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This is a good first concrete example of a Lie algebra. Shown at Lie Groups, Physics, and Geometry by Robert Gilmore (2008) Chapter 4.2 "How to linearize a Lie Group" has an example.
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We can use use the following parametrization of the special linear group on variables , and :
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Every element with this parametrization has determinant 1:
Furthermore, any element can be reached, because by independently settting , and , , and can have any value, and once those three are set, is fixed by the determinant.
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To find the elements of the Lie algebra, we evaluate the derivative on each parameter at 0:
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Remembering that the Lie bracket of a matrix Lie group is really simple, we can then observe the following Lie bracket relations between them:
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One key thing to note is that the specific matrices , and are not really fundamental: we could easily have had different matrices if we had chosen any other parametrization of the group.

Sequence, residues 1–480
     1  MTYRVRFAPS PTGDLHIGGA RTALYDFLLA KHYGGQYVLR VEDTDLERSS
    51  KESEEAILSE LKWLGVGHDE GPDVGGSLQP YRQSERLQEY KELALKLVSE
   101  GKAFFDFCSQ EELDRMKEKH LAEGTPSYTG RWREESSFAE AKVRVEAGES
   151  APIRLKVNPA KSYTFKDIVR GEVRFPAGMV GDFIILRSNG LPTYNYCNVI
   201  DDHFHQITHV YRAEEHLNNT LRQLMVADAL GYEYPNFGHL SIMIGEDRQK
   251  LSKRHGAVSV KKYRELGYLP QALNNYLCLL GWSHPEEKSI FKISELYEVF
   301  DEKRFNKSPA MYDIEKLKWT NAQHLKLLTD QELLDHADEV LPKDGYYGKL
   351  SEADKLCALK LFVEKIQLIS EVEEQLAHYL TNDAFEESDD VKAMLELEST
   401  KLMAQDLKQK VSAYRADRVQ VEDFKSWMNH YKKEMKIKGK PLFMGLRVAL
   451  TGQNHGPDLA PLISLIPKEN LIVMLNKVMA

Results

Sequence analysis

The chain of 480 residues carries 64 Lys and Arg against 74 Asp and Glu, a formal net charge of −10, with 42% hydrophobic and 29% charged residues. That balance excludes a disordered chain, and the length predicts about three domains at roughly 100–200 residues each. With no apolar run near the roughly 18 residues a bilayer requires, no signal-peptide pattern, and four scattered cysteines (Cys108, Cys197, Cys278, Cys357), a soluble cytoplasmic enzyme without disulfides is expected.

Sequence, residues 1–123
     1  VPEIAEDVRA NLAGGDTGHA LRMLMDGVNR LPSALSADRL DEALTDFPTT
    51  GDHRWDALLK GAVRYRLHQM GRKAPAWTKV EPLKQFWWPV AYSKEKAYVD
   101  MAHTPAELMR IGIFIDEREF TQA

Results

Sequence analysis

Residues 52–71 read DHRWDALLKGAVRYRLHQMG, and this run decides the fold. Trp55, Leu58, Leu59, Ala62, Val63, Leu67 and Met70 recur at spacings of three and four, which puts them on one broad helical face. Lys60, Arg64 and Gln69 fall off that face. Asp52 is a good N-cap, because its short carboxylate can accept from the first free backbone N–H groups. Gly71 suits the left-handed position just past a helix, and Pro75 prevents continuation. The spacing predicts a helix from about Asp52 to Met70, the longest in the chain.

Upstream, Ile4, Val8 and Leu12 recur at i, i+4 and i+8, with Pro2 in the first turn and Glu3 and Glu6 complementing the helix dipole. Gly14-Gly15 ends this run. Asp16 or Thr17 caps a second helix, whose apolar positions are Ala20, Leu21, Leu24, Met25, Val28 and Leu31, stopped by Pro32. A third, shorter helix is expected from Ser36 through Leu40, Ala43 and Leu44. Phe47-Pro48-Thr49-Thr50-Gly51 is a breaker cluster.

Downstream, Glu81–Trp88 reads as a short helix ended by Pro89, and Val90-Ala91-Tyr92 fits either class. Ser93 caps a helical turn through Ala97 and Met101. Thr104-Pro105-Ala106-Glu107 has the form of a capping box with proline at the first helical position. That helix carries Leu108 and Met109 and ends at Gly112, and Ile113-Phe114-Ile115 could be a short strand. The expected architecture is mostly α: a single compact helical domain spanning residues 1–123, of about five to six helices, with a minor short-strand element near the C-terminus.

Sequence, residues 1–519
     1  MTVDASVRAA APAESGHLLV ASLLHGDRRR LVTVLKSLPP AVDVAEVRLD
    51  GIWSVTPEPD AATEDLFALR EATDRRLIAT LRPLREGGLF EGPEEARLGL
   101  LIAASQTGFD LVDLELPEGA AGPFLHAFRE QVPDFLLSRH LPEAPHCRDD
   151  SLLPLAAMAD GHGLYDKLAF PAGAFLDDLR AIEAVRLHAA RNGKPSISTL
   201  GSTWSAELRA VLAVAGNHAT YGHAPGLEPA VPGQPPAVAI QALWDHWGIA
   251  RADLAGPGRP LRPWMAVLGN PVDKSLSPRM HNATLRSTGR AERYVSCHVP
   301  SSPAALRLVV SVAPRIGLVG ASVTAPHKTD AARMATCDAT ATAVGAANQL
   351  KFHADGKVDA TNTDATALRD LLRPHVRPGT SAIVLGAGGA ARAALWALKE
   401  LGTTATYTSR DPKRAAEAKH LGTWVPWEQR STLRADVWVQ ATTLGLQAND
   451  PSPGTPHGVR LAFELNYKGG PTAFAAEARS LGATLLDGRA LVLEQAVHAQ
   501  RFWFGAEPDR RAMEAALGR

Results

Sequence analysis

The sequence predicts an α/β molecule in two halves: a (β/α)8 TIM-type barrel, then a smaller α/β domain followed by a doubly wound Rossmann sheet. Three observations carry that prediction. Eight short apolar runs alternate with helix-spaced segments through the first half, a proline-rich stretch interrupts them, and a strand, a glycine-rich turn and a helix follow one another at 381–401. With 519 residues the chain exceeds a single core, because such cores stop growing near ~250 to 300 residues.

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TODO confirm: however, no matter which parametrization we choose, the Lie bracket relations between the three elements would always be the same, since it is the number of elements, and the definition of the Lie bracket, that is truly fundamental.
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Lie Groups, Physics, and Geometry by Robert Gilmore (2008) Chapter 4.2 "How to linearize a Lie Group" then calculates the exponential map of the vector as:
with:
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TODO now the natural question is: can we cover the entire Lie group with this exponential? Lie Groups, Physics, and Geometry by Robert Gilmore (2008) Chapter 7 "EXPonentiation" explains why not.
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